Savvy Travel

For Peter, the world is an exciting, challenging and fun place that is just ready for us to explore—but before you leave home, it's important to do a little homework. "Plan, plan, plan," Peter says. "It's the biggest thing to do to make sure the trip is fun, efficient and, above all, safe."

Planning a summer road trip? Mike Pina, director of public relations at AAA, says there are ways to cope with rising gas prices if you're traveling by car. He shares with Peter the following road-travel tips:

  • Make sure your car is in top running order.
  • Travel the shortest distance from point A to point B to conserve gas.
  • Use online mapping tools to track gas stations with the best prices.
  • Provide kids with snacks and entertainment for the car ride.

If you're traveling by air this summer, Peter says the best thing you can do is chill out. "Have a calm, Zen attitude and stay positive as you move through airports, because everybody is trying to do the right thing to keep you safe and make air travel safe," he says.

Peter calls on Ellen Howe from the Transportation Security Administration (TSA), who says there are a number of ways to make airport travel stress-free.

  • Arrive early.
  • Know the rules, especially the 3-1-1 rule for acceptable carry-on luggage: 3-ounce bottles or less, in a one quart plastic bag, one bag per passenger at the checkpoint.
  • If you have to bring a medical exception to the 3-1-1 rule, Ellen says to declare the item, which will then be inspected and most likely allowed through.
  • Remember that there are no liquid restrictions for checked luggage.
  • Wear shoes that go on and off quickly.
  • Remove computers from laptop bags.
  • Remove outer layers of clothing, such as blazers, before passing through security checkpoints.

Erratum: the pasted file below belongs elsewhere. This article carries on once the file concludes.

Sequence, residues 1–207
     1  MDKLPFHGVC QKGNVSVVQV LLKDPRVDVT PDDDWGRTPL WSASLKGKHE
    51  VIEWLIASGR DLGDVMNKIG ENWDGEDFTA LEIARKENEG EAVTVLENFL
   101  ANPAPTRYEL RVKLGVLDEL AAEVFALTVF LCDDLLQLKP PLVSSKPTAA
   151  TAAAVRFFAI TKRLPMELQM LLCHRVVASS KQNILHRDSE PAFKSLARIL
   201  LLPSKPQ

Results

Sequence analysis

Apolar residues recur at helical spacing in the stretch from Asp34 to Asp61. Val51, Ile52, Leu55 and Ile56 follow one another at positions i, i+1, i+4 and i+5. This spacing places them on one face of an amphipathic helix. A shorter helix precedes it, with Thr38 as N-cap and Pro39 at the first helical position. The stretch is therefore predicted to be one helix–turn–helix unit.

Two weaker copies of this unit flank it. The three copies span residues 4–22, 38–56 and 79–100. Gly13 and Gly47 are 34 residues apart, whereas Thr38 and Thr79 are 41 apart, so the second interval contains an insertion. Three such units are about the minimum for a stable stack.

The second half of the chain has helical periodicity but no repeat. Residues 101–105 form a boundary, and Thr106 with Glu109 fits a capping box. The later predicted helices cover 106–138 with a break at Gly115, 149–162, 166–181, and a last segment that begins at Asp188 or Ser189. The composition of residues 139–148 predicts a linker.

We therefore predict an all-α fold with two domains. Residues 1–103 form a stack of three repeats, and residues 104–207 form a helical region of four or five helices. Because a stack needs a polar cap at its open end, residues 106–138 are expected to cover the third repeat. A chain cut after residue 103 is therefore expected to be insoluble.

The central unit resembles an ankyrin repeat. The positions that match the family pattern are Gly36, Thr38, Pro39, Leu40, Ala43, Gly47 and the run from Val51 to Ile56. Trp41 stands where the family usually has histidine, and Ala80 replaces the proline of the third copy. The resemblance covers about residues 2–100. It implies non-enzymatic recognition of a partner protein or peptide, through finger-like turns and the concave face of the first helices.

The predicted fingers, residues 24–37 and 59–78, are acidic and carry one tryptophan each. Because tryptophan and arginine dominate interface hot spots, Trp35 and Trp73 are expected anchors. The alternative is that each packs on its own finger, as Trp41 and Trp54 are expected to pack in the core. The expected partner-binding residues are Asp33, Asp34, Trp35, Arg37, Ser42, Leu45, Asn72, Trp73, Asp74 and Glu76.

Tony and Maureen Wheeler, the names behind the popular Lonely Planet travel guides, met back in 1970. The couple has been together ever since—brought together by their mutual love of travel and adventure.

Today, their company has 600 publications and 460 guide books to countries around the world. While Lonely Planet books have all the information you need to be a savvy traveler, Maureen tells Peter there's really only one essential ingredient for a great trip. "All you need is a spirit of adventure and curiosity—a desire to get out there and see it, wherever 'it' is," she says.

Peter says his good friend, Andrew Mersmann, has one of the coolest jobs around—he's a travel writer. Andrew says that one of the top trends in travel today is something called "voluntourism," a unique combination of travel and humanitarian efforts. "People want to get immersed in a culture when they visit and maybe still come home to nice hotel room at night, but they want to give back a little bit and get out of the walls of resorts," he says.

For those interested in volunteer work combined with travel, Andrew says there are numerous options, and he shares two good places to start: Seek out organizations that focus on rebuilding after weather catastrophes, or volunteer with a wildlife preservation organization, where you can assist with the research and protection of endangered animal species.